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    Differentiate between irrational fears and legitimate intuitions. Throughout this article you've been given indicators on how to do this. For example, are you concerned with the present or are you worrying about the future? Are you catastrophizing or philosophizing? Here are some key elements of the differences between experiencing intuition versus an irrational fear:[11]
    • A reliable intuition conveys information in neutral, less emotional terms
    • A reliable intuition "feels right" at a gut level
    • A reliable intuition feels compassionate and affirming of yourself and others
    • A reliable intuition gives clear impressions that are seen before they're felt
    • A reliable intuition feels somewhat detached, similar to being in a theater watching a movie
    • An irrational fear conveys information in highly emotional terms
    • An irrational fear does not "feel right" at a gut level
    • An irrational fear feels cruel, belittling, or delusional either toward yourself or toward others, perhaps both
    • An irrational fear does not feel centered or "in perspective"
    • An irrational fear reflects past psychological wounds or traumas that have not been healed
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    Take appropriate steps. You need to heed protective fears and transform irrational fears with courage. At times you may foresee real danger, but more frequently, unproductive fears are misinforming you. Therefore, as a general rule, train yourself to question fears tied to low self-esteem; we’re all worthy of the extraordinary.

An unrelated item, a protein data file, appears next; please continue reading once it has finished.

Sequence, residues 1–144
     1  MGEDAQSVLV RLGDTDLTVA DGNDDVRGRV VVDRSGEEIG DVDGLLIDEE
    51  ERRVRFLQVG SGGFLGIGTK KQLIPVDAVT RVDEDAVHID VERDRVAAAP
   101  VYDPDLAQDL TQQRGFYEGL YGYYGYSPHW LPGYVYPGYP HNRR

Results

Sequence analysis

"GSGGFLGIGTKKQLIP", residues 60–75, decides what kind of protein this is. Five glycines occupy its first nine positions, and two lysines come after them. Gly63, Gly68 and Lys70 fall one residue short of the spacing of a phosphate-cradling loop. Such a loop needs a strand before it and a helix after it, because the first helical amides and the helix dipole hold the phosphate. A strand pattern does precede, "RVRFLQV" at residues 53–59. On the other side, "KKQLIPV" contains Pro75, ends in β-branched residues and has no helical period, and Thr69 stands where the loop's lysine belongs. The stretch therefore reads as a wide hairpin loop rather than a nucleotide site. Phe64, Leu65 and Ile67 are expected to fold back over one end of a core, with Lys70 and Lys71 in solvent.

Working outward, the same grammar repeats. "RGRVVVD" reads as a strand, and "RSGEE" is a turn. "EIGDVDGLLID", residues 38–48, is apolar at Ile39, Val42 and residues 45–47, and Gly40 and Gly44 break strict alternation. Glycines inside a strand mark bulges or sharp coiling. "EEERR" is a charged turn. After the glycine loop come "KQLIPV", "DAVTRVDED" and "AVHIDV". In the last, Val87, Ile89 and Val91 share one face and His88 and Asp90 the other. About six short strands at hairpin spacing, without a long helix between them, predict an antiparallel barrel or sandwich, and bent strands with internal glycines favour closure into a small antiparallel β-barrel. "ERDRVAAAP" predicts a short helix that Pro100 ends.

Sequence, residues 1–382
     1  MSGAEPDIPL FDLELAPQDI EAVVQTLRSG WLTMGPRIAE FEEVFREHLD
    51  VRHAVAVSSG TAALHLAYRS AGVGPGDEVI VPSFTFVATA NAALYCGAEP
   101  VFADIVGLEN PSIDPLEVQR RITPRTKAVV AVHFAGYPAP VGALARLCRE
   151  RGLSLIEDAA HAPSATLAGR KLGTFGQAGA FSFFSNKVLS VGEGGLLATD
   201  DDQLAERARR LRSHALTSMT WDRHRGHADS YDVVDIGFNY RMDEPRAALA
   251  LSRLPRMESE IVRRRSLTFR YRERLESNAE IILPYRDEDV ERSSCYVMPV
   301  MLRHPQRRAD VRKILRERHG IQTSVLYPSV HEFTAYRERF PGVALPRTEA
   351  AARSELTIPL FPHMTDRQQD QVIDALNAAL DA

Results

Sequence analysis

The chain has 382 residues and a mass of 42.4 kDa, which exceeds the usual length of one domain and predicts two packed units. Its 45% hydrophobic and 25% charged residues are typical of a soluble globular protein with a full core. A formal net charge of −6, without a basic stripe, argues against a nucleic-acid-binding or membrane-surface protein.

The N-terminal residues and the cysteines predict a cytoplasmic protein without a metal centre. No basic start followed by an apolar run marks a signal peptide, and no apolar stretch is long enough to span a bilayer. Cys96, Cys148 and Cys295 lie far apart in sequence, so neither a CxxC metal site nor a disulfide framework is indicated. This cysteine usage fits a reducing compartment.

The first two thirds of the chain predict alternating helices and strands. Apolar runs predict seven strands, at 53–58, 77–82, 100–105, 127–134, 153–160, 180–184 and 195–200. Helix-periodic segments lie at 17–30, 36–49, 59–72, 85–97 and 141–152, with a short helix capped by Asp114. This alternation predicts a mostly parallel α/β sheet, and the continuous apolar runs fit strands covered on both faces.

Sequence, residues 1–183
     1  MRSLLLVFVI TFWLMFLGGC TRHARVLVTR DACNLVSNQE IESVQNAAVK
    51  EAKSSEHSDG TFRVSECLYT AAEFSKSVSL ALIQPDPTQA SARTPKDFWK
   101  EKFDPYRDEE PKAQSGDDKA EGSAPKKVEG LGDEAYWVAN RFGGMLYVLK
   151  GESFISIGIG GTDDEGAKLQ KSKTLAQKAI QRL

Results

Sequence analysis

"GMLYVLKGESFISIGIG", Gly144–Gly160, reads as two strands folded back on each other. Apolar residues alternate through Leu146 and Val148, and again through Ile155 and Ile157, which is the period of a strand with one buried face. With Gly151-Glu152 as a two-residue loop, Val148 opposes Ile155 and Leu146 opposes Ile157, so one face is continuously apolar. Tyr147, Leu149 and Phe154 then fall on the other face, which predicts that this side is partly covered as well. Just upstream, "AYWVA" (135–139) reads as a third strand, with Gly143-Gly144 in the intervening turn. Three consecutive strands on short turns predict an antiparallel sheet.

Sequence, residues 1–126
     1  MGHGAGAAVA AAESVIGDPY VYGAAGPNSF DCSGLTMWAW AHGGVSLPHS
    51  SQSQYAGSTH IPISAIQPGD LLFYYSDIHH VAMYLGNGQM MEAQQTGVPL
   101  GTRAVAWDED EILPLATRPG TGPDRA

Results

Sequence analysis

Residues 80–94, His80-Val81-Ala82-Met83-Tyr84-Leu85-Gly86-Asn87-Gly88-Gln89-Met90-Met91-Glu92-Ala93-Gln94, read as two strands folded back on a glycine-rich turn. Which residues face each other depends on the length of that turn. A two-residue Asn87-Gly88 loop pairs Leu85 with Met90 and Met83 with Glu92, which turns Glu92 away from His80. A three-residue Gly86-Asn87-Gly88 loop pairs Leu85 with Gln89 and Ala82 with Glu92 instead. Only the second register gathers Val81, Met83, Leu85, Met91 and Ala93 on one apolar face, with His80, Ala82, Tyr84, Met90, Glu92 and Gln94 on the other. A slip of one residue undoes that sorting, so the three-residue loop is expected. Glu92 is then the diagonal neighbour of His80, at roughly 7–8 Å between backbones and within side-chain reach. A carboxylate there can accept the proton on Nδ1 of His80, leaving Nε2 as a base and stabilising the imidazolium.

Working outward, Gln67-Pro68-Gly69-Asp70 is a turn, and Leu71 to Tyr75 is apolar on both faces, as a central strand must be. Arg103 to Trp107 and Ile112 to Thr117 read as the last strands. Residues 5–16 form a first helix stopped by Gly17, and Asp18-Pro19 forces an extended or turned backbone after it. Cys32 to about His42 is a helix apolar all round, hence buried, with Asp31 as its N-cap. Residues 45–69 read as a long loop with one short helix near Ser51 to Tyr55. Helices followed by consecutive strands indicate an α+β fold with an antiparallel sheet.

• For example, it’s right to question the fear that you’re too emotionally damaged to love; even the severely wounded can open up their hearts again but they need to make the choice to be open and to decide not to continue being over-protective of themselves. True intuitions will never put you down or support destructive attitudes and behavior; of all the signs, this is the most telling.


  • If you’re an emotional empath, highly sensitive, an emotionally deep person, or even co-dependent, it can be especially tricky to ascertain which fears are authentic, helpful intuitions and which are irrational. Because you tend to absorb other people’s emotions, you may pick up their fear and think or assume that their fears are your own.
  • Help others to discern the difference between their protective fears, irrational fears, and intuition. For people who are stuck deep in irrational fears, it can be a long journey to release themselves from the mire and perhaps you could be the helping hand they need, especially if you've had to work this out for yourself and can spot the pitfalls.
  • Don't be so trusting about information or emotions when they touch on something that really concerns you or triggers your buttons. For example, as a mom, your children's welfare is a hot spot trigger while as a business owner, your staff's honesty is a hot spot trigger. In these cases, rely on being skeptical about information that triggers your fears and use critical thinking to sort through your fears, emotions, and intuitions and not just leave your irrational fears to win through. Take a gradual, scientific approach to the issue instead of assuming a knee-jerk reaction.